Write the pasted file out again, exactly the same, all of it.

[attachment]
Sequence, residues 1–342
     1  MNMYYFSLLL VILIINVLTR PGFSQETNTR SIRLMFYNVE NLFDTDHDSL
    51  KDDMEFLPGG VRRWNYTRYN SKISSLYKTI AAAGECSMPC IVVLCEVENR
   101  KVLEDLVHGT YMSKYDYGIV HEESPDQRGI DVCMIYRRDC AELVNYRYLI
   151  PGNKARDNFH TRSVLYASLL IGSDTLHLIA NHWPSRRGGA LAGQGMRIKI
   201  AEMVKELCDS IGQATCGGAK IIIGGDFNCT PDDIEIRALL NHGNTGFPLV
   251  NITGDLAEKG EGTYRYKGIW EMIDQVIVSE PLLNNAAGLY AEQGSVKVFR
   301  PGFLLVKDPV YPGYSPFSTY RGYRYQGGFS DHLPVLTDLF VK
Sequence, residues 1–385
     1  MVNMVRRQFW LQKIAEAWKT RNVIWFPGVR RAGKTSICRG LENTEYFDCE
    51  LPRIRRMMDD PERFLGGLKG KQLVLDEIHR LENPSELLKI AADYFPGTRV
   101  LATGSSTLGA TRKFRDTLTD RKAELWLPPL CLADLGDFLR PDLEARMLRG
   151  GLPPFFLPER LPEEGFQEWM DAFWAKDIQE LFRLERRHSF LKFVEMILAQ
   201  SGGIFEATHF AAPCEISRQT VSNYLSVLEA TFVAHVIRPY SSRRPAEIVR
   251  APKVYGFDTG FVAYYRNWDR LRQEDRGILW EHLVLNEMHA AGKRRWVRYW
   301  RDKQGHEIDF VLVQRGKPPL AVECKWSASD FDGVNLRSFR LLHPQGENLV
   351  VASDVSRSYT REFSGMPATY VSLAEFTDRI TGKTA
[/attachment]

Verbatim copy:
Sequence, residues 1–342
     1  MNMYYFSLLL VILIINVLTR PGFSQETNTR SIRLMFYNVE NLFDTDHDSL
    51  KDDMEFLPGG VRRWNYTRYN SKISSLYKTI AAAGECSMPC IVVLCEVENR
   101  KVLEDLVHGT YMSKYDYGIV HEESPDQRGI DVCMIYRRDC AELVNYRYLI
   151  PGNKARDNFH TRSVLYASLL IGSDTLHLIA NHWPSRRGGA LAGQGMRIKI
   201  AEMVKELCDS IGQATCGGAK IIIGGDFNCT PDDIEIRALL NHGNTGFPLV
   251  NITGDLAEKG EGTYRYKGIW EMIDQVIVSE PLLNNAAGLY AEQGSVKVFR
   301  PGFLLVKDPV YPGYSPFSTY RGYRYQGGFS DHLPVLTDLF VK
Sequence, residues 1–385
     1  MVNMVRRQFW LQKIAEAWKT RNVIWFPGVR RAGKTSICRG LENTEYFDCE
    51  LPRIRRMMDD PERFLGGLKG KQLVLDEIHR LENPSELLKI AADYFPGTRV
   101  LATGSSTLGA TRKFRDTLTD RKAELWLPPL CLADLGDFLR PDLEARMLRG
   151  GLPPFFLPER LPEEGFQEWM DAFWAKDIQE LFRLERRHSF LKFVEMILAQ
   201  SGGIFEATHF AAPCEISRQT VSNYLSVLEA TFVAHVIRPY SSRRPAEIVR
   251  APKVYGFDTG FVAYYRNWDR LRQEDRGILW EHLVLNEMHA AGKRRWVRYW
   301  RDKQGHEIDF VLVQRGKPPL AVECKWSASD FDGVNLRSFR LLHPQGENLV
   351  VASDVSRSYT REFSGMPATY VSLAEFTDRI TGKTA